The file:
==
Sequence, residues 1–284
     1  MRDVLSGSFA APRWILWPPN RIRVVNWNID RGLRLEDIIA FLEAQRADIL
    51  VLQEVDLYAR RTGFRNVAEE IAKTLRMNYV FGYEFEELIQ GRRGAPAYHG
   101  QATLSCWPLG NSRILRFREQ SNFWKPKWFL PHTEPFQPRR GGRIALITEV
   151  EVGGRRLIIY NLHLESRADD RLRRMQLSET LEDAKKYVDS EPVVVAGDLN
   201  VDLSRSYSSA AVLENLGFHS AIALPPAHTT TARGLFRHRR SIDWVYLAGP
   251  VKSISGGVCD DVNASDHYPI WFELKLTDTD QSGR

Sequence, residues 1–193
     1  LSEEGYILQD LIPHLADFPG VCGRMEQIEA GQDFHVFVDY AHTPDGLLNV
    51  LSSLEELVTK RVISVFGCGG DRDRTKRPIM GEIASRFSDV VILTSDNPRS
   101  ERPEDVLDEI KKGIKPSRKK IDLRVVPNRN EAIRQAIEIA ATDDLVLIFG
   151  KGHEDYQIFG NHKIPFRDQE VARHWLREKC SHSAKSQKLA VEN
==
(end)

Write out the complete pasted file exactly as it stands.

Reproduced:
Sequence, residues 1–284
     1  MRDVLSGSFA APRWILWPPN RIRVVNWNID RGLRLEDIIA FLEAQRADIL
    51  VLQEVDLYAR RTGFRNVAEE IAKTLRMNYV FGYEFEELIQ GRRGAPAYHG
   101  QATLSCWPLG NSRILRFREQ SNFWKPKWFL PHTEPFQPRR GGRIALITEV
   151  EVGGRRLIIY NLHLESRADD RLRRMQLSET LEDAKKYVDS EPVVVAGDLN
   201  VDLSRSYSSA AVLENLGFHS AIALPPAHTT TARGLFRHRR SIDWVYLAGP
   251  VKSISGGVCD DVNASDHYPI WFELKLTDTD QSGR

Sequence, residues 1–193
     1  LSEEGYILQD LIPHLADFPG VCGRMEQIEA GQDFHVFVDY AHTPDGLLNV
    51  LSSLEELVTK RVISVFGCGG DRDRTKRPIM GEIASRFSDV VILTSDNPRS
   101  ERPEDVLDEI KKGIKPSRKK IDLRVVPNRN EAIRQAIEIA ATDDLVLIFG
   151  KGHEDYQIFG NHKIPFRDQE VARHWLREKC SHSAKSQKLA VEN